Van Manakas was John Cipollina. John Zias was Jerry Garcia. Eric Levine was a much, much better violin player than Papa John Creach. Eric and Van also played in the Stoney Creek bluegrass band in late '73 and early '74.

At one point in 1973, we had Manakas doing Cipollina, and Zias doing Garcia, playing together in the same band - VERY remarkable! That band was named Hell's Half Acre, after this very bizarre spot nearby Casper, Wyoming. Van was the biggest Cowboy in our bunch at this time, and he had this "thing" for Wyoming, big time! I was at every gig that Hell's Half Acre ever played.

Re: GD are Cowboys!

Is this a cultural issue, scene issue, and/or musical issue? Is it p-c anymore to digress into the Cowboy issue - beyond just "purely musical interests"? David Lemieux's comments about Europe '72 were very interesting. He hits a home run when he describes how you could really hear GD's country influence in 1972. But Lemieux doesn't "run the bases" because he doesn't go into the details.

If GD's Cowboy influence is purely about the music, then please explain "why" they were dressing, acting, playing around, and looking like Cowboys during the early years? WtF? Give me a fucking break! (lol) Jerry breaks a rib after falling off a horse at Mickey's ranch while the band was hired to play a band of horse-riding musicians in a film. Cowboy underpinnings do not get any more straight-forward than this, sorry gang.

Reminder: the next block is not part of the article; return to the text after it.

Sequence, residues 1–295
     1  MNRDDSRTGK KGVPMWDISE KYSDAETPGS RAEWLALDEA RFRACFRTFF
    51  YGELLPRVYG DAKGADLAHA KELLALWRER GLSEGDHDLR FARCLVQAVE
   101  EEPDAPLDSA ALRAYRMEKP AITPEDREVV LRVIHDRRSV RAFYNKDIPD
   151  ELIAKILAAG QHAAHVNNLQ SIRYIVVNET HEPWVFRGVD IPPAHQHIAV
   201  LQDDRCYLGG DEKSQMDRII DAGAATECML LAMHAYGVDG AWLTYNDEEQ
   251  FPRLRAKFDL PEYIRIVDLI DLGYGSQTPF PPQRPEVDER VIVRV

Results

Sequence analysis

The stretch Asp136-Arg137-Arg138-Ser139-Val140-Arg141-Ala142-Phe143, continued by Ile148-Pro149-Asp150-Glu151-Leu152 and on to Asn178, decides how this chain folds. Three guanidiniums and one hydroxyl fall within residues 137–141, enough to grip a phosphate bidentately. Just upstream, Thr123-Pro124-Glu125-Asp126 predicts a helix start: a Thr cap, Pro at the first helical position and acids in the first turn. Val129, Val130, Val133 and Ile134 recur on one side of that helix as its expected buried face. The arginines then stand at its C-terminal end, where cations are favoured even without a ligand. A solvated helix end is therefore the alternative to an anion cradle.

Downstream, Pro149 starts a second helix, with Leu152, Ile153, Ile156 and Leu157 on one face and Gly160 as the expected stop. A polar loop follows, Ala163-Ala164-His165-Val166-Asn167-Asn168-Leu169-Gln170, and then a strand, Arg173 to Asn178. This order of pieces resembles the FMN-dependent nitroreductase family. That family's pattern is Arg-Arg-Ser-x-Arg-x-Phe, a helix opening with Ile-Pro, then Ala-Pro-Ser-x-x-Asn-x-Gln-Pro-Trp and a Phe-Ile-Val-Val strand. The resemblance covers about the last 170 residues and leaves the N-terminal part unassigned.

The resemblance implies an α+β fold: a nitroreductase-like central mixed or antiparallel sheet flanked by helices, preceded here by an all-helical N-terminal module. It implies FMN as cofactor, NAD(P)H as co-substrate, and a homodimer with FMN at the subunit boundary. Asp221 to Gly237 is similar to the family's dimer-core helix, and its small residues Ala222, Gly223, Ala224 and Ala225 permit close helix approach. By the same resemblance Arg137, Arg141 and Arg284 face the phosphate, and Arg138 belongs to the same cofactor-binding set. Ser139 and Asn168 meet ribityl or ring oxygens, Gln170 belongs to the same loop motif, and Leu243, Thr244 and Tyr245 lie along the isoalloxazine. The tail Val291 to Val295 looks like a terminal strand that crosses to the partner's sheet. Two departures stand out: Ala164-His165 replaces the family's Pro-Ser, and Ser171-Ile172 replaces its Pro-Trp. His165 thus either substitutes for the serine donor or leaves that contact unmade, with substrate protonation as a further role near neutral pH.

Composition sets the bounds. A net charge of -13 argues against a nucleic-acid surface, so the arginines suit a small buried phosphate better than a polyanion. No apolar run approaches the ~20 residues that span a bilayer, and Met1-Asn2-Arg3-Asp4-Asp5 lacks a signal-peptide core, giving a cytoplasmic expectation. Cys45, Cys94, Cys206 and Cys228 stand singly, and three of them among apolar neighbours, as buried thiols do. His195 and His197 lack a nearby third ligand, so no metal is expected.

By 1972, 1973, and 1974 the cowboy music influences (country rock, bluegrass, western swing) were hitting "the scene" in droves! At the 1973 shows I went to, I witnessed GD on stage wearing cowboy shirts and blue jeans most of the time. Today we have tons of images, film, and video tape documenting GD being cowboys. It wasn't just GD being cowboys back then. It was everywhere. Bunches of us wore western-wear clothing at the time. To honor our favorite bands and artists, we were wearing cowboy boots, jeans, and cowboy shirts. You couldn't easily buy western-wear clothing in the NJ-NYC metro area at this time. It was very hard to find. There was an Army-Navy Surplus store in Hackensack (Dawg's home town) that had some cowboy western-wear, and that was it. I had to go there many times before I found a few good cowboy shirts and boots that I liked. Truck Stops sometimes had cowboy clothing, but I had to drive a long ways to find any good stuff.

How did I wind up becoming a cowboy-soundman for the best Kentucky bluegrass band in Louisville in the mid-1970s? I reserve the right to hold back my story, rather than blogging here. It's a hippie-freak-cowboy story I'm willing to tell Ken Burns or David Lemieux. But I'll touch base on the Lazy River band story.